1887
Volume 1, Issue 1
  • ISSN 0929-0907
  • E-ISSN: 1569-9943
USD
Buy:$35.00 + Taxes

Abstract

It is widely believed that there are some emotions (so-called "basic emotions ") which are universally associated with distinctive facial expressions and that one can recognize, universally, an angry face, a happy face, a sad face, and so on. The "basic emotions " are believed to be part of the biological makeup of human species and to be therefore "hardwired". In contrast to this view, Or tony and Turner (1990) have suggested that it is not emotions but some components of emotions which are universally linked with certain facial expressions, or rather with some components of facial expressions. Ortony and Turner have made a good case for this hypothesis. But the theory will be more convincing - and indeed more verifiable - if the postulated "dissociable components of emotions" are formulated in a rigorous, and culture-independent manner. The paper argues that the Natural Semantic Metalanguage, based on universal semantic primitives and devised by the author and colleagues, provides a suitable culture-independent framework.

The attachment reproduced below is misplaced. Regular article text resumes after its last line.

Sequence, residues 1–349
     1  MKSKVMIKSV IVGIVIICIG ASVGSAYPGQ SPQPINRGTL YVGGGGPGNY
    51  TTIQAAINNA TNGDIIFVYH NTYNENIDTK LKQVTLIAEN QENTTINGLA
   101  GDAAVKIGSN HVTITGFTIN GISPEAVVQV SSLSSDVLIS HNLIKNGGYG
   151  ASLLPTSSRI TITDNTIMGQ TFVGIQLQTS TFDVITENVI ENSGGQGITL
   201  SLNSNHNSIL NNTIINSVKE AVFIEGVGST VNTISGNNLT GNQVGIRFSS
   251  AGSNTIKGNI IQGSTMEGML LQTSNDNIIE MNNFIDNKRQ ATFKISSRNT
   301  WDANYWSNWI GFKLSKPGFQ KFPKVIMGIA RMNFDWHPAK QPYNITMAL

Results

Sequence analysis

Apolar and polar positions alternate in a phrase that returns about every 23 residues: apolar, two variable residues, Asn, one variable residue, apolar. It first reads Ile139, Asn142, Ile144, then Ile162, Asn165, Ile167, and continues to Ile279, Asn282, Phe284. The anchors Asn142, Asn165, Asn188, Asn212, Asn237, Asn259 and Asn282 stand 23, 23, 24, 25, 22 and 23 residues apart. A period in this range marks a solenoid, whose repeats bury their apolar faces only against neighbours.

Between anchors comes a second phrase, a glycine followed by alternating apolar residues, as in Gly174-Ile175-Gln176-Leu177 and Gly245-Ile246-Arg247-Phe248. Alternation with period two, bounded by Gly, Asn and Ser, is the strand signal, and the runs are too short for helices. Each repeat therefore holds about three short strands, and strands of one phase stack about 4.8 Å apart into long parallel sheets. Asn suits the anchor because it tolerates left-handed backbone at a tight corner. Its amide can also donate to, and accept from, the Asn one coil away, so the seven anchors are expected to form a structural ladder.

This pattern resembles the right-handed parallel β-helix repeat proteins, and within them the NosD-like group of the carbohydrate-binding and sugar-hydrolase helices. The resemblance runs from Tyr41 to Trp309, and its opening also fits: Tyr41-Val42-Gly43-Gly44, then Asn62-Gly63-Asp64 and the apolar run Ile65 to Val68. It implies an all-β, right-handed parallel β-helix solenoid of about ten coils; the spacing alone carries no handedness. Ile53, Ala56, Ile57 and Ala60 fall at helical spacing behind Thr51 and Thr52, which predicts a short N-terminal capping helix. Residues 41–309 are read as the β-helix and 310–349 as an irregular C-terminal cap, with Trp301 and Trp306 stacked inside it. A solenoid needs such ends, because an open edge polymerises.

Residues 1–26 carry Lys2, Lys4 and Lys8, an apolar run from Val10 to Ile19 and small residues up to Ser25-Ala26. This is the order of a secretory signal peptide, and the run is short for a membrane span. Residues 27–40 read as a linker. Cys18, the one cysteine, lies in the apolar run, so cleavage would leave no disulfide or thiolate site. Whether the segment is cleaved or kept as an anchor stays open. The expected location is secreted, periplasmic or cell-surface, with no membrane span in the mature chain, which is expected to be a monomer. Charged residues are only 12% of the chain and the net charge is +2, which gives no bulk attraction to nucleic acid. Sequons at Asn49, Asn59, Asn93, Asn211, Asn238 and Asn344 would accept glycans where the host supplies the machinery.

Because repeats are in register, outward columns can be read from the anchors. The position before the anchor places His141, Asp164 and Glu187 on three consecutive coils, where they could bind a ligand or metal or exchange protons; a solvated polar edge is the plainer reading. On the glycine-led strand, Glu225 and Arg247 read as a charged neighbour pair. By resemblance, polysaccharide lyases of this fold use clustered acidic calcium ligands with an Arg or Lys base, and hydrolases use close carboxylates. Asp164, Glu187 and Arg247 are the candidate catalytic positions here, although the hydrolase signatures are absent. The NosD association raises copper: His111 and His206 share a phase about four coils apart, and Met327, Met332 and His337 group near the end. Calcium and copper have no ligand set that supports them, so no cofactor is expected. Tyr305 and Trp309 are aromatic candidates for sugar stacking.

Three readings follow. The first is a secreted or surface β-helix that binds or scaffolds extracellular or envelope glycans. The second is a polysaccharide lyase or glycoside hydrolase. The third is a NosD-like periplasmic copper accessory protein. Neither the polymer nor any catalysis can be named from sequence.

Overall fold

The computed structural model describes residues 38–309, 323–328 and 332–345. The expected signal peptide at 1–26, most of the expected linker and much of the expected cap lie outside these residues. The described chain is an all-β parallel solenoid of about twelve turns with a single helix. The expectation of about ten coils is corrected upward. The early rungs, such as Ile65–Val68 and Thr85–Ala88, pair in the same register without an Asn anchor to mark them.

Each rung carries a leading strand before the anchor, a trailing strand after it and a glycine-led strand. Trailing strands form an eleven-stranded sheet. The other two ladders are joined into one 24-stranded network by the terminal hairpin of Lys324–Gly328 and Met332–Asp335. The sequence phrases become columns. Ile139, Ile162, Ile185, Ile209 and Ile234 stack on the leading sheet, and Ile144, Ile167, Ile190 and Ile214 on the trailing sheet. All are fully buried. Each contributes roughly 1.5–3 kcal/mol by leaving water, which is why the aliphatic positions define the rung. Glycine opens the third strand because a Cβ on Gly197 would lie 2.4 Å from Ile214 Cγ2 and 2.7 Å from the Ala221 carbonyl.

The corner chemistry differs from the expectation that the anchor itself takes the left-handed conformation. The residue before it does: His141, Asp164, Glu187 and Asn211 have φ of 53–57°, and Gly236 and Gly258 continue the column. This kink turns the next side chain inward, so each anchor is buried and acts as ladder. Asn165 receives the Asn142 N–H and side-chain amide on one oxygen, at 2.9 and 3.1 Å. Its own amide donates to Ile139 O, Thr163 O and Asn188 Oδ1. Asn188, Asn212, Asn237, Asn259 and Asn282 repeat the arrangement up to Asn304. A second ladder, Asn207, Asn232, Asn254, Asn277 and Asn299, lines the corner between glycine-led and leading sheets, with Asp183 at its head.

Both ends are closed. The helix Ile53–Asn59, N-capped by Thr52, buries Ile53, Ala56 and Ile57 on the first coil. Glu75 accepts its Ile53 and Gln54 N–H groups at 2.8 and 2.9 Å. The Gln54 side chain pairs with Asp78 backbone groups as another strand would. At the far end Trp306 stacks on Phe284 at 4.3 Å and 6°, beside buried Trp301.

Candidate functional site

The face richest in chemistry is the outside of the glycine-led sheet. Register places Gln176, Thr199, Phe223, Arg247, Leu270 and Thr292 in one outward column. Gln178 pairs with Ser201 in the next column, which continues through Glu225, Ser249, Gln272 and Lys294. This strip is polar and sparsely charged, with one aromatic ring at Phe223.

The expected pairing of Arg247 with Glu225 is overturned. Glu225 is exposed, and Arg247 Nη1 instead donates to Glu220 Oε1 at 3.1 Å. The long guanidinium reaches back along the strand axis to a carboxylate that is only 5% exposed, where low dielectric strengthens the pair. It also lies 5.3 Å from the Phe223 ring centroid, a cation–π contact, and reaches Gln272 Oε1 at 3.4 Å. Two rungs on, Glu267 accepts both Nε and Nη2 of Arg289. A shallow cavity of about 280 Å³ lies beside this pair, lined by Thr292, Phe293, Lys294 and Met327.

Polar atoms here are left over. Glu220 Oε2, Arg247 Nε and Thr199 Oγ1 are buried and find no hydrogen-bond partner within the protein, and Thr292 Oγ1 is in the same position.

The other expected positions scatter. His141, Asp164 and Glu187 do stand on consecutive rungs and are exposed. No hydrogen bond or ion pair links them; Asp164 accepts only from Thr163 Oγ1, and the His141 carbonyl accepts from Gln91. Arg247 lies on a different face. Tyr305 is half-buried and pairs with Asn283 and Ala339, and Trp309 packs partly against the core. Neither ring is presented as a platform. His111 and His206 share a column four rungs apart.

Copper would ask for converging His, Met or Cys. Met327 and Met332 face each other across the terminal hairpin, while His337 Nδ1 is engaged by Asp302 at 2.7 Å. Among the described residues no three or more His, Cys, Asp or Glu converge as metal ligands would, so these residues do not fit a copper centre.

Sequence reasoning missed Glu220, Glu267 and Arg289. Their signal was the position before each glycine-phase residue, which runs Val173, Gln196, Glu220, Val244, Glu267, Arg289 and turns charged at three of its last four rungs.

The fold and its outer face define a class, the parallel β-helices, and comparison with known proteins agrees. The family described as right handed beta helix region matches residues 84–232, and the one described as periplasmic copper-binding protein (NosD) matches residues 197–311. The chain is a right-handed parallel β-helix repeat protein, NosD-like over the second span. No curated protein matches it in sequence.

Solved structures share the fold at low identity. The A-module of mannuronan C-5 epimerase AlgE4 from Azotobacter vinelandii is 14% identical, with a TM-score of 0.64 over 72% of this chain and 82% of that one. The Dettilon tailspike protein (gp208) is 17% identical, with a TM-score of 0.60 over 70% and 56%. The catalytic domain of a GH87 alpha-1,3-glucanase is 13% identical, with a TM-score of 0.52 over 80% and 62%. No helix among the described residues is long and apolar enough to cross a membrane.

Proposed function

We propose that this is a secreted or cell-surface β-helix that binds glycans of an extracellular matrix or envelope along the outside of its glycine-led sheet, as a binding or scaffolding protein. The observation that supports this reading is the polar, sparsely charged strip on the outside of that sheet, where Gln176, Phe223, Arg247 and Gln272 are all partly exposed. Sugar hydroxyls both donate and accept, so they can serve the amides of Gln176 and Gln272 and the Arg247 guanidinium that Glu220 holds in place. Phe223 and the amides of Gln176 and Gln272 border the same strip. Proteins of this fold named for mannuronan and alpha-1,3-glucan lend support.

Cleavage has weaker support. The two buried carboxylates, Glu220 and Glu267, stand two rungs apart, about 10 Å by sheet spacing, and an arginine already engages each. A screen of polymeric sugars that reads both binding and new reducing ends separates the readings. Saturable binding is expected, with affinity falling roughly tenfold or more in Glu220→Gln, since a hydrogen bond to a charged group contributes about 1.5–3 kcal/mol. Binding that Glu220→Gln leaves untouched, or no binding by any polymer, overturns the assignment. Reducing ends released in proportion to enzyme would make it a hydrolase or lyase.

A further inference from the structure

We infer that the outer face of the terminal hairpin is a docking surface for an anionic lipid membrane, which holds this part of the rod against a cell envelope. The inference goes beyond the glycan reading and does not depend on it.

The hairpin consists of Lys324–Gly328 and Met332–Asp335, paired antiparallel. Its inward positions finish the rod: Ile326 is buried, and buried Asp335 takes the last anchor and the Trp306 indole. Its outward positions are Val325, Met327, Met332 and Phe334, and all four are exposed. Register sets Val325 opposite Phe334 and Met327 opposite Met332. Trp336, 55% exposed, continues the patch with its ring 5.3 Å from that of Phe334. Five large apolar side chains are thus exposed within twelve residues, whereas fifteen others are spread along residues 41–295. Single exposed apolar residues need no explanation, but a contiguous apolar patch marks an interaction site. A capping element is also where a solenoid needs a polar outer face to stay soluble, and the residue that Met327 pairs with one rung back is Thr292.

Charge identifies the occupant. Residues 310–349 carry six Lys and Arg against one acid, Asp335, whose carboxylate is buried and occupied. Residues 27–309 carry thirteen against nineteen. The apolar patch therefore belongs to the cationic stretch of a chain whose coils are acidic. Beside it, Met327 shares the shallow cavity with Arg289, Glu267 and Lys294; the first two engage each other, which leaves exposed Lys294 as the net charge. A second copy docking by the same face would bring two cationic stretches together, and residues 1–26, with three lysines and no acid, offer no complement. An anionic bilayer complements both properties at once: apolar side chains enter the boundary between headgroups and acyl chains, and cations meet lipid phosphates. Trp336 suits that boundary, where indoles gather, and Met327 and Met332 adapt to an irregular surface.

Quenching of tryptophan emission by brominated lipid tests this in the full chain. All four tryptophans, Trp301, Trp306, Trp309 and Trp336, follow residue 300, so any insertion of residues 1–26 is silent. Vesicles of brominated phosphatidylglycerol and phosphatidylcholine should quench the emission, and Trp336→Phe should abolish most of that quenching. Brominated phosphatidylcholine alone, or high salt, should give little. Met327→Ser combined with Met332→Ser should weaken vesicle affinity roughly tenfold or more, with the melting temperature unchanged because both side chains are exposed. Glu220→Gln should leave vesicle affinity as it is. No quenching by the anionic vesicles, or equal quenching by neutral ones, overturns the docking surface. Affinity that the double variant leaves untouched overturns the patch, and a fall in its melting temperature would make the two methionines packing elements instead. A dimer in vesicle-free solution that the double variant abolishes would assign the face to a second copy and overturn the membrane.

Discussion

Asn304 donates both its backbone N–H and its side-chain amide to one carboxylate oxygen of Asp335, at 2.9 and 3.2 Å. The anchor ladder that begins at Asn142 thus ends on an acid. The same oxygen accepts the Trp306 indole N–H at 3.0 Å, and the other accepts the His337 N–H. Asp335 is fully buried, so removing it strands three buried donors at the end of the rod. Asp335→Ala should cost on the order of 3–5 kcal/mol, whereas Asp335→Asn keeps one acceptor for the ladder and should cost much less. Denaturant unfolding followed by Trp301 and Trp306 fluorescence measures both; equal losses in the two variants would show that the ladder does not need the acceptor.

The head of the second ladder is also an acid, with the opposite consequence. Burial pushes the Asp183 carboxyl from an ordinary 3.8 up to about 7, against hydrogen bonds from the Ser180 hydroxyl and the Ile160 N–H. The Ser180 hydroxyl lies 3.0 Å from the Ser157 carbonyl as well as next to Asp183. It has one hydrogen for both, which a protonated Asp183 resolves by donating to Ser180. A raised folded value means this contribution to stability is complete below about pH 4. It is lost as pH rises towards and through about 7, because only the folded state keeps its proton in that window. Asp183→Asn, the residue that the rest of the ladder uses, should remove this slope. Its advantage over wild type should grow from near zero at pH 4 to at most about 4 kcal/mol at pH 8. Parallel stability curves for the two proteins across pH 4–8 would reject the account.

Loading

Article metrics loading...

/content/journals/10.1075/pc.1.1.03wie
1993-01-01
2019-10-17
Loading full text...

Full text loading...

References

http://instance.metastore.ingenta.com/content/journals/10.1075/pc.1.1.03wie
Loading
  • Article Type: Research Article
This is a required field
Please enter a valid email address
Approval was successful
Invalid data
An Error Occurred
Approval was partially successful, following selected items could not be processed due to error